There’s an old saying that there are only two ways for an incumbent to run: scared or unopposed. Many incumbents raise money almost continuously—call it paranoid or just cautious—as if a multimillionaire self-funder were poised to announce a challenge at any moment. This year, an unusually large number of seemingly out-of-the-blue challengers came within a whisker of pulling off upsets against sitting members—and a few actually did. This suggests that some incumbents forgot to run scared.
In the House, virtually no one expected 14-term Democrat Louise Slaughter of New York to have a tough race. Yet, as of press time, she is squeaking by with a 651-vote margin, 50.1 percent to 49.8 percent. In California’s Central Valley, five-term Democratic Rep. Jim Costa’s race was not taken seriously by either the Fresno press corps or Beltway operatives. But at the time of this writing, Costa is trailing by 741 votes, with some votes in Fresno left to count. Then there were incumbents with credible challengers whose races wound up much closer than expected: Democratic Reps. Lois Capps (CA-24) and John Delaney (MD-06) come to mind. Finally, there were still other House contests where we all knew the races were competitive, but Republicans pulled off upsets. Reps. Steven Horsford (NV-04) and Pete Gallego (TX-23) were in our Lean Democratic column, but the lack of a competitive statewide race in either state caused many Democrats to stay home, and both Horsford and Gallego lost. There are surprises in every election year, but this year had more than usual, and all went in one direction: against Democrats.
The more prudent approach was taken by Senate Minority (and presumptive Majority) Leader Mitch McConnell in Kentucky. While McConnell is a Republican in a GOP-leaning state in a clearly GOP-trending year, he is also a high-profile leader in a much-reviled institution at a time when many voters say, “I hate Washington; I detest Congress; they say you are one of the most powerful people there; I must hate you most of all.” Most polls gave McConnell a narrow lead in the mid-to-high single digits, but it was a stable lead. McConnell still lent his campaign $1.8 million 10 days before Election Day, just as an insurance policy. He had seen many incumbents sitting on leads going into Election Day who lost anyway. That wasn’t going to happen to him. He didn’t go to all the trouble of running a pitch-perfect campaign just to blow it at the end. No one ever accused Mitch McConnell of being slow.
Everyone in politics is still talking about Democratic Sen. Mark Warner’s photo-finish win over Ed Gillespie in Virginia. Although there were late polls showing Warner’s lead narrowing, GOP strategists were looking at their own numbers, which suggested the race wasn’t quite close enough to merit a late infusion of money. In Georgia, both parties had resigned themselves to runoffs in the senatorial and gubernatorial contests, because polls showed that none of the candidates was close to the 50 percent needed to win outright. Instead, Republican Senate candidate David Perdue and GOP Gov. Nathan Deal won their respective races with big margins that no one had predicted.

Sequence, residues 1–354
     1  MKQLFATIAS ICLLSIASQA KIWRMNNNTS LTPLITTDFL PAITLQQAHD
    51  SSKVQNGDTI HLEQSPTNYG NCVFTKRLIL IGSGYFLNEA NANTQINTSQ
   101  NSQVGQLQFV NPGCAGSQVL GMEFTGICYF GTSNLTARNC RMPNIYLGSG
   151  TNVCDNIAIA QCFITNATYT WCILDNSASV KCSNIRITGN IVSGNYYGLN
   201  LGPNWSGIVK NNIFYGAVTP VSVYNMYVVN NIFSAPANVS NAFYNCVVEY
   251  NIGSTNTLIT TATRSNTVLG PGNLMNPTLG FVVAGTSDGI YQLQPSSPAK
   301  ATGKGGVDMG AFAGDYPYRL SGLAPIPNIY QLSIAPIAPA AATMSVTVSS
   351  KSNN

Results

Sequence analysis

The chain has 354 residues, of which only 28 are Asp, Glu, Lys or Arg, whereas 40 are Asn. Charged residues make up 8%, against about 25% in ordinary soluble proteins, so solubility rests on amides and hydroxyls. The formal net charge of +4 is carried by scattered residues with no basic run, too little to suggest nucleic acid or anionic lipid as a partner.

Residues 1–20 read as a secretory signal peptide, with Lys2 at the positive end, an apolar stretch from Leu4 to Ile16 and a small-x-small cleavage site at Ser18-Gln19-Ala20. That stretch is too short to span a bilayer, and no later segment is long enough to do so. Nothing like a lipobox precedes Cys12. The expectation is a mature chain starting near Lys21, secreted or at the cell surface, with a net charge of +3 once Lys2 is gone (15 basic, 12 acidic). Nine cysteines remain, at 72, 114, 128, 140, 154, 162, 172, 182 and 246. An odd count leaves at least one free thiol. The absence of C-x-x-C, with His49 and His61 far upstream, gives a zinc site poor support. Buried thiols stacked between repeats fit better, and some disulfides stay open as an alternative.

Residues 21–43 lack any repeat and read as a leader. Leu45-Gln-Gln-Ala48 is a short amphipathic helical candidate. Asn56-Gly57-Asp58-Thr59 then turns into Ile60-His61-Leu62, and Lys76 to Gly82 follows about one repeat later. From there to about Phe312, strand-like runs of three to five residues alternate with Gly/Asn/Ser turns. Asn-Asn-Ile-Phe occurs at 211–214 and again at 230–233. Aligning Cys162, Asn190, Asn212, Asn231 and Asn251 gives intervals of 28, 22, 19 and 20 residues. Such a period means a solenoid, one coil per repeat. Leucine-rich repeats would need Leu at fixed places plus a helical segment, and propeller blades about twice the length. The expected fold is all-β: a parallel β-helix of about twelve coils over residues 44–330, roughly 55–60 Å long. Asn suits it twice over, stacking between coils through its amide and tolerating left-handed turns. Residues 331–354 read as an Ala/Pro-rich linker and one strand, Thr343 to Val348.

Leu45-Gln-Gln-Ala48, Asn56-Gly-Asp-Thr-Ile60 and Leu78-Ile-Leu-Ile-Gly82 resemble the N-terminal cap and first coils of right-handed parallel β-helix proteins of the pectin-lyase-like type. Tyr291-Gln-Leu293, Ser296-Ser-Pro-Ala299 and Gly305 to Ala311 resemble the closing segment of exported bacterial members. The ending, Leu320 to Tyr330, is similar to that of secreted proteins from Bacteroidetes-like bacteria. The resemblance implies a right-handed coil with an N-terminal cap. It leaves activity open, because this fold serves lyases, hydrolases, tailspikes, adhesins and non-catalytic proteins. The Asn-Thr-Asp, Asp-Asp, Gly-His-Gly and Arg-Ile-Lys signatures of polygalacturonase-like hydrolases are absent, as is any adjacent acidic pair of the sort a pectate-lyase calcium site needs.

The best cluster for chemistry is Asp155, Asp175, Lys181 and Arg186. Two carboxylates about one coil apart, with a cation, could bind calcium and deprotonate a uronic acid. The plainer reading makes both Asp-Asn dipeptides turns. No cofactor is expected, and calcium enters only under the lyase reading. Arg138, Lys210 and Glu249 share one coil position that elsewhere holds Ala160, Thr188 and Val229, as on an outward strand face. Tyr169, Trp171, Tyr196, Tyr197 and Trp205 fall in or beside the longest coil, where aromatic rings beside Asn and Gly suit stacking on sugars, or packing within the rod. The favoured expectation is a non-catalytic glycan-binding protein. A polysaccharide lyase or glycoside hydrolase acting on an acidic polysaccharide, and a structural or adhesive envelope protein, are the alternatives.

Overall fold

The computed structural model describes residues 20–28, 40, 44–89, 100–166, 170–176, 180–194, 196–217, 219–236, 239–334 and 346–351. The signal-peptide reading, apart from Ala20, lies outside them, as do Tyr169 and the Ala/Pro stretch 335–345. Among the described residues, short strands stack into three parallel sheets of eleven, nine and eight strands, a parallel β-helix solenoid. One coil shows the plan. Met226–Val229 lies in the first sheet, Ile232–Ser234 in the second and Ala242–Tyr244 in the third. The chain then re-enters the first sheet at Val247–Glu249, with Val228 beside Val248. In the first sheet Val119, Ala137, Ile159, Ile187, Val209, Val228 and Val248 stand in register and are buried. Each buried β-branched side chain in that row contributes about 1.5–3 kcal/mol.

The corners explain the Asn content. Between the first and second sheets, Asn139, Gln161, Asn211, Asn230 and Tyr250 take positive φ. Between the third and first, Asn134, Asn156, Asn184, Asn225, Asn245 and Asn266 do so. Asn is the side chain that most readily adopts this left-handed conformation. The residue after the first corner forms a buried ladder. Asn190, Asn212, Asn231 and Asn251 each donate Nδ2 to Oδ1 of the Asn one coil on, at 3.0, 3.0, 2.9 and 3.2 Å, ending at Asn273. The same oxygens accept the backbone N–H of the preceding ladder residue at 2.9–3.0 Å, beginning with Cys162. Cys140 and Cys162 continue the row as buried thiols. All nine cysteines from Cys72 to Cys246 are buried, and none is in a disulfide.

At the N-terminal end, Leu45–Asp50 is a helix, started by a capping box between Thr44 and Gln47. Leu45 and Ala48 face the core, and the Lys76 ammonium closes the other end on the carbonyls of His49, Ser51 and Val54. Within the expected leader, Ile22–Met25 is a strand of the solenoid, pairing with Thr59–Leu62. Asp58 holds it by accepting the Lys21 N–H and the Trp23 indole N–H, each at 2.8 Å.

In the Maryland governor’s race, there was a sense that the contest between Republican Larry Hogan and Democratic Lt. Gov. Anthony Brown was closing.The Cook Political Report shifted its rating to Toss Up on Oct. 31, but Hogan’s upset over Brown was still a surprise. It’s easy to come up with a rationale for the outcome after the fact. As lieutenant governor, Brown was given one major responsibility: to oversee the design and implementation of Maryland’s health care exchange and website. The site turned out to be one of the worst in the country. Of secondary importance to the outcome was some voters’ view that electing Brown was tantamount to backing a third gubernatorial term for Martin O’Malley. Marylanders seem to understand that they are in a high-tax state with something less than a business-friendly, job-creation-friendly environment, and that came through as well. We will soon learn whether Gov.-elect Hogan charts an aggressively conservative agenda in a not-so-conservative state, as did Bob Ehrlich, the state’s most recent Republican governor. Not surprisingly, Ehrlich was defeated after one term.
Caution on the part of incumbents has gained importance as polling has become more problematic. As interview response rates have plunged in recent years, pollsters have had to weight their data more, introducing subjectivity as they try to determine which portions of turnout groups will vote. In 2012, minority and younger voters turned out at higher-than-normal, near-2008 levels, to the surprise of most GOP pollsters and to the satisfaction of their Democratic counterparts. In 2014, the shoe may have been on the other foot. Some Democratic pollsters were overly optimistic about key groups, and GOP pollsters proved to be more correct. Turnout is just getting harder to figure.
While there are obviously some exceptions, few of the top campaign pollsters were surprised by the outcomes. Keep in mind: Only a fraction of their surveys ever become public, and even then it’s often against the pollsters’ wishes. When the surveys are released, it is usually to make some PR point. One major pollster conducted about 800,000 individual interviews this year, but fewer than 10 percent of those interviews involved polls that saw the light of day. The pros may have been surprised by the results in a race here or there, but they had seen the Republican wave coming for months.